Posts Tagged ‘Service’

Challah for Hunger

November 10, 2010

"International Order of Challah Makers: For challah bakers, challah lovers, and everyone who knows what bread makes the very best french toast!" from http://www.cafepress.com/JewnionLabel

[I’m very excited to be writing this post!]

Over a year ago, I stumbled upon Challah for Hunger (CfH) somewhere online.  CfH is a non-profit with a straightforward mission: “Challah for Hunger raises awareness of and money for hunger and disaster relief through the production and sale of challah bread.”  I thought this program would be a perfect fit for OWU Hillel.  Afterall, some of our best times have been had in the kitchen.  With our Hamantashen for Haiti effort last year, we married that experience with social action and found that cooking can be used as the basis for tzedakah (charity).

This fall, I received an email from a young Jewish woman, Caryn, who is spending a few years in Delaware as an intern with the Public Health Department through the Center for Disease Control (CDC).  Caryn asked about the kinds of activities available through OWU Hillel and mentioned that she founded a chapter of CfH at UCLA while she was a student.  I could not believe our good fortune!  Since September, Caryn has been a supportive ally in our efforts to start a chapter of Challah for Hunger at OWU – attending meetings, sharing recipes and information, and connecting us with the national network and resources.

CfH was started in 2004 at Scripps College in California.  It was the vision of a single student who loved to bake and wanted to put her talent to work helping those in need.  Since 2004, Challah for Hunger has spread to nearly 40 campuses worldwide and has raised close to $200,000.  Each CfH chapter agrees to send 50% of it’s proceeds to American Jewish World Service for their Darfur Action Campaign.  The other half goes to an organization of the chapter members’ choosing – some local, some national, and others international.  When folks come to buy Challah, they are presented with information about these efforts and ways to get involved in voicing concern and support.  In the words of CfH founder Eli Winkelman, “Our sales table is not just a bake sale, it is a learning opportunity” (WeJew interview, see link below.)

As Bill Clinton mentioned in his discussion of CfH in his book Giving, Challah for Hunger is an interfaith venture.  “I find this effort particularly touching and relevant because it was started by a Jewish student, and is funded by the sales of traditional Jewish bread for the benefit of poor Muslims whose plight has been ignored for too long by Muslim nations much closer to them” (cited @ CfH).  Likewise, we hope that students of all faiths and no faith will participate in this effort at OWU.

In fact, OWU Hillel President Caroline Miller and University Chaplain Jon Powers will be including Challah for Hunger in their response to President Obama’s call for campus-based interfaith action.  (See more about this in upcoming months and read about the Interfaith Youth Core in my previous post.)  We look forward to kneading, braiding, and baking bread with all of you.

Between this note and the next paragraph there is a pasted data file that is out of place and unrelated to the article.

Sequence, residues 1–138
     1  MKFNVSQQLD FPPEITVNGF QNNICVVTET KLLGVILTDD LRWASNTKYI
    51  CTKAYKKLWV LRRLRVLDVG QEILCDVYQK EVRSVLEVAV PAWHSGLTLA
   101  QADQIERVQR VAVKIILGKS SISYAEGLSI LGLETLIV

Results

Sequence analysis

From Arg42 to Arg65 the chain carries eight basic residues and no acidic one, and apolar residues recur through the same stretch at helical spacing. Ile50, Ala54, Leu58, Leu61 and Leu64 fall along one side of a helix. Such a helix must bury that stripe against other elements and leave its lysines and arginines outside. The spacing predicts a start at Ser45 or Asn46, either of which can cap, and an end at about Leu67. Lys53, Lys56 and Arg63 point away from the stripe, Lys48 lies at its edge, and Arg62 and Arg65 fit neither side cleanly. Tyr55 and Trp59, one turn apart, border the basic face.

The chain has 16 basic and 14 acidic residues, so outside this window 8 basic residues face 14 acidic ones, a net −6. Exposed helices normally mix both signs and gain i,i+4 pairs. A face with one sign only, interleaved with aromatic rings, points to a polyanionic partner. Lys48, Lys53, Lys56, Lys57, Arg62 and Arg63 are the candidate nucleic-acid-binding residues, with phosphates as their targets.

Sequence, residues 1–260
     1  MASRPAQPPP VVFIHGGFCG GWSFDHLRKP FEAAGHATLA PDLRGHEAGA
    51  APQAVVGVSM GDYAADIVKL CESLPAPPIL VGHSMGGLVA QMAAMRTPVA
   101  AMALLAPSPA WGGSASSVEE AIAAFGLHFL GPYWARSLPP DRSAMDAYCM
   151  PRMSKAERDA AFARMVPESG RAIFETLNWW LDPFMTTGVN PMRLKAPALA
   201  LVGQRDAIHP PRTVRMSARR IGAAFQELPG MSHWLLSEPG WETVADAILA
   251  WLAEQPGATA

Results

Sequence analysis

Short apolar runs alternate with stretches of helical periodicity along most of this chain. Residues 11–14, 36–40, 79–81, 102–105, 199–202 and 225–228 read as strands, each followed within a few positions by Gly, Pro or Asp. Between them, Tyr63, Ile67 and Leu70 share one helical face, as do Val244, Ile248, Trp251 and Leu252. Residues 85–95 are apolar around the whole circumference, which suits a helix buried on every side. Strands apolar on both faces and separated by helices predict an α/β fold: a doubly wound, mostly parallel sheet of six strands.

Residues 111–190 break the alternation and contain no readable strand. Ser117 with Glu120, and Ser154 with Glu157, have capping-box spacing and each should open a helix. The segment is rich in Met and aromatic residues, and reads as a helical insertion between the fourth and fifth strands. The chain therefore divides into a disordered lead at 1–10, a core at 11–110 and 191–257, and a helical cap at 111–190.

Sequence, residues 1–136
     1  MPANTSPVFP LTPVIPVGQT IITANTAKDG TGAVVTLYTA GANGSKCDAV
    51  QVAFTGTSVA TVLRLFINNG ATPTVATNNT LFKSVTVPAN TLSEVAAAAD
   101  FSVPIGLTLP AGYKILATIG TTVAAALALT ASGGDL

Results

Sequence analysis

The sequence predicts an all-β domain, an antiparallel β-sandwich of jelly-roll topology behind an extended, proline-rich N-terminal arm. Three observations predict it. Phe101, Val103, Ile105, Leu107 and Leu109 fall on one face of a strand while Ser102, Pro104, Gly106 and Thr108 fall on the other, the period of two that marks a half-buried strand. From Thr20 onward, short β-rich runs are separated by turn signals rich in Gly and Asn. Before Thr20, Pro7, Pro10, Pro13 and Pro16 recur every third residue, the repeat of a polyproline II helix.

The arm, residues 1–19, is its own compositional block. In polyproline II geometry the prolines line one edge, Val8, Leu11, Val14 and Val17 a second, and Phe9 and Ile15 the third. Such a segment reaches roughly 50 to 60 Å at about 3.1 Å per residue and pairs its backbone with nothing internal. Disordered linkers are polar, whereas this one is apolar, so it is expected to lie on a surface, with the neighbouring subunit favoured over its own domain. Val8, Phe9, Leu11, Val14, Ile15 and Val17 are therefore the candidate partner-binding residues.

CfH @ OWU will begin Spring 2011.  If you or your organization would like to volunteer, please let us know – Email Caroline (clmiller@owu.edu) or Jodi (jekushin@owu.edu).  We’ll be running a trial baking session November 17th – Big shout out to Gene Castelli and the catering staff for their support and cooperation!  Free samples will be passed out around campus on Thursday, November 18th – cash donations welcome.

Learn more about Challah for Hunger all over the www including:

@ Challah for Hunger

@ Jewcy – An interview with CfH founder Eli Winkelman

WeJew – Interview with Winkelman, views of CfH in Action, and Bill Clinton on CfH

will YOU work for food?

January 26, 2010

This Fall, Lily Strumwasser, The President of OWU Hillel, introduced us to the program Will Work For Food (WWFF).  As you can read on the organization’s website, WWFF organizes volunteers to find people to sponsor them to do community service in their local communities.  The money they raise, goes to feed malnourished children in Darfur.  Since September, Lily and her friends have raised over $1,000.  They very well might raise another thousand this semester.

WWFF offers a response for those who question donating money to help those in need in other countries when here are people in the U.S. suffering.  With this program, volunteers work for two causes simultaneously.   It is an interesting scenario to consider as we support the recovery and rebuilding of Haiti abroad and digest news of cuts of domestic programs here at home.  WWFF suggests we needn’t chose local or global service, and as such, offers a real opportunity for Tikkun Olam or World Repair.

This Spring, the OWU chapter of WWFF and OWU Hillel will be organizing a series of opportunities to volunteer at free community dinners and other events in Delaware.  Keep an eye on your email for more information.  In the meantime, join the OWU chapter of WWFF.

One program I’d like to see the OWU chapter of Will Work for Food consider adopting, in conjunction with OWU Hillel is Challah for Hunger.  This would be a great service to the OWU Jewish community, great opportunity for students to bond (those of you who know me know that I believe in the uniques powers of the kitchen to bring people), and raise money for a good cause.